We came to this year with a much longer sense of community. We spent a week planning. This wasn’t planning like most other schools, and believe me, The Ampersand School is not like most other schools. It may not be like any other school. We spent the first week of planning discussing our culture. We knew what we didn’t want to do. We knew what had been working when done well. We really wanted to flesh out what a way to make it simpler, not more complex.

We have designed a flowchart and brainstormed about a virtual tour. A lot of what was on our virtual tour – concrete stops we’d like to see as well as ethereal and theoretical showcases- we decided we could put into practice. When asked to create a virtual tour I decided to start at the dumpster. I wanted to use the dumpster as a metaphor to show what we had thrown out, and then it dawned on me that we don’t throw everything out from what is known as mainstream schooling, some of that we recycle. That idea went a long way.

A rough exclamation of the flowchart, I will try to post the actual flowchart in the future, it starts with a theme a broad based idea which the faculty suggests. From there the action starts. He goes a right into exploration. We start exploration by reading texts. Close reading of novels offers us the chance to not only read for completion and comprehension and vocabulary but also for a deep understanding of all the places the content can bring you. Whenever you hear of a setting or an idea or a freezing that makes you say, “what is that?” you have an opportunity for exploration. For example, if in reading Dracula you are engrossed in the story, but you keep hearing about old tribes and if they cities of old Eastern Europe that you’ve never heard of before, you explore that and that becomes what your Dracula unit is all about. Listen, if you want to do a book report, I suppose that’s good too.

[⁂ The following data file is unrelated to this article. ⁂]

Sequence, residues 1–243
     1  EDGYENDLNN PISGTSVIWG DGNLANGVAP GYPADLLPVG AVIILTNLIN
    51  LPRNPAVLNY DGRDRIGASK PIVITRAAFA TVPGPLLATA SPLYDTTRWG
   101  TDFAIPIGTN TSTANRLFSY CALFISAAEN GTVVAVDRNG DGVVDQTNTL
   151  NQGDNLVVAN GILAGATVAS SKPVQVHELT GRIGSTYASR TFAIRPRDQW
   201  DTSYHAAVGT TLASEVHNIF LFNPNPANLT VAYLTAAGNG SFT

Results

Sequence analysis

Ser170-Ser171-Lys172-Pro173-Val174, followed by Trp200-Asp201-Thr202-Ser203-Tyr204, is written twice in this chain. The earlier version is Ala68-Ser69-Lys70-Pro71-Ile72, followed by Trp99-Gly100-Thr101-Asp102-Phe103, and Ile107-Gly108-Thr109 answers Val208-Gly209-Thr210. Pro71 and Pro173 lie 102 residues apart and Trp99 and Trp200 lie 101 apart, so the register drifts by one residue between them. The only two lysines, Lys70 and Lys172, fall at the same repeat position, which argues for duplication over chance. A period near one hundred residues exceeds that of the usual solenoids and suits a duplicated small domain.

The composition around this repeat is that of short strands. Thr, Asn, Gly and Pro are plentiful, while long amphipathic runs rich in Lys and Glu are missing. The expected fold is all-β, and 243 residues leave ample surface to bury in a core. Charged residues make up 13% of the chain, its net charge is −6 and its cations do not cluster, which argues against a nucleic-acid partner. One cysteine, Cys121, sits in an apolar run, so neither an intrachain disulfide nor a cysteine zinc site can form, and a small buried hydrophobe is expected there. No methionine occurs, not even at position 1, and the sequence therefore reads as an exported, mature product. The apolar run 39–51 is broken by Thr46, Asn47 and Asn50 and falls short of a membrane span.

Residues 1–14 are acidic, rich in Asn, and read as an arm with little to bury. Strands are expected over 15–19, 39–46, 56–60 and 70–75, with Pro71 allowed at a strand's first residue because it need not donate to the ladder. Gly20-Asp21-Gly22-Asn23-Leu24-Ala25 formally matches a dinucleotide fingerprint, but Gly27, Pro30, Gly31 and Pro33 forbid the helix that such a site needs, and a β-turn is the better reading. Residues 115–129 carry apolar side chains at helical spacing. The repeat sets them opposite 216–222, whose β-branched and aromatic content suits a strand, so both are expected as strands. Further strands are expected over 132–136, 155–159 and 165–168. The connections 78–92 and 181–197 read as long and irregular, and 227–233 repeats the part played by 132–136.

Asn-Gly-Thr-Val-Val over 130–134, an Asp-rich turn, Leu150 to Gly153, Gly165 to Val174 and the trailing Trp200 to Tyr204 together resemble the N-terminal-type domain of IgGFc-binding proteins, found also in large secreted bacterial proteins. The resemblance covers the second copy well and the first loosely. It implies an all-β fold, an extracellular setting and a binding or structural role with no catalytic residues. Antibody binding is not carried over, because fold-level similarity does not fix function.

But today was day one. I decided to go with culture. I let them know that this is a safe place to be vulnerable and take risks- even fail. What is more vulnerable than a teenager giving and receiving compliments? We didn’t force it. We made it fun. I read them a story about giving Warm Fuzzies and avoiding Plastic Fuzzies and Cold Pricklies. We constructed little cans covered in paper and other objects n which we could receive written compliments and other warm fuzzy gifts. It was purposefully silly and immature. It was intentionally designed to introduce community and culture of caring support. Teenagers see themselves most clearly in the reflections of others.

It was fun. How did you start your year? Essays about summer break? Neat. IMG_6108.JPG

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Posted by on August 18, 2014 in The Ampersand School, Uncategorized